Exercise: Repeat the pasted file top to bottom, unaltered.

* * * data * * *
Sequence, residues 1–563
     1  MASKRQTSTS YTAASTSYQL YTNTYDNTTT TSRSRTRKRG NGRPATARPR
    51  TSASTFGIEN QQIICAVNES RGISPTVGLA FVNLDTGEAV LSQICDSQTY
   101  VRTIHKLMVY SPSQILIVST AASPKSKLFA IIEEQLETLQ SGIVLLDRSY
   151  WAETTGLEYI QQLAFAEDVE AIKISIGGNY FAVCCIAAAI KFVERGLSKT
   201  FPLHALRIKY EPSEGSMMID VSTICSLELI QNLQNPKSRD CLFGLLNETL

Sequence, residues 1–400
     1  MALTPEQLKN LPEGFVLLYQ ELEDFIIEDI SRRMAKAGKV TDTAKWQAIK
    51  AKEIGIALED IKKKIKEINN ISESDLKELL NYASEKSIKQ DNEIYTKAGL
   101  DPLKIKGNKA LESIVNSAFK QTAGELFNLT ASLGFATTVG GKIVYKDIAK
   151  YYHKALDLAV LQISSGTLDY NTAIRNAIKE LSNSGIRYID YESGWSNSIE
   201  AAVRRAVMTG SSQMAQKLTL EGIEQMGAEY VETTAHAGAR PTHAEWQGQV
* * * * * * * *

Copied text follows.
Sequence, residues 1–563
     1  MASKRQTSTS YTAASTSYQL YTNTYDNTTT TSRSRTRKRG NGRPATARPR
    51  TSASTFGIEN QQIICAVNES RGISPTVGLA FVNLDTGEAV LSQICDSQTY
   101  VRTIHKLMVY SPSQILIVST AASPKSKLFA IIEEQLETLQ SGIVLLDRSY
   151  WAETTGLEYI QQLAFAEDVE AIKISIGGNY FAVCCIAAAI KFVERGLSKT
   201  FPLHALRIKY EPSEGSMMID VSTICSLELI QNLQNPKSRD CLFGLLNETL

Sequence, residues 1–400
     1  MALTPEQLKN LPEGFVLLYQ ELEDFIIEDI SRRMAKAGKV TDTAKWQAIK
    51  AKEIGIALED IKKKIKEINN ISESDLKELL NYASEKSIKQ DNEIYTKAGL
   101  DPLKIKGNKA LESIVNSAFK QTAGELFNLT ASLGFATTVG GKIVYKDIAK
   151  YYHKALDLAV LQISSGTLDY NTAIRNAIKE LSNSGIRYID YESGWSNSIE
   201  AAVRRAVMTG SSQMAQKLTL EGIEQMGAEY VETTAHAGAR PTHAEWQGQV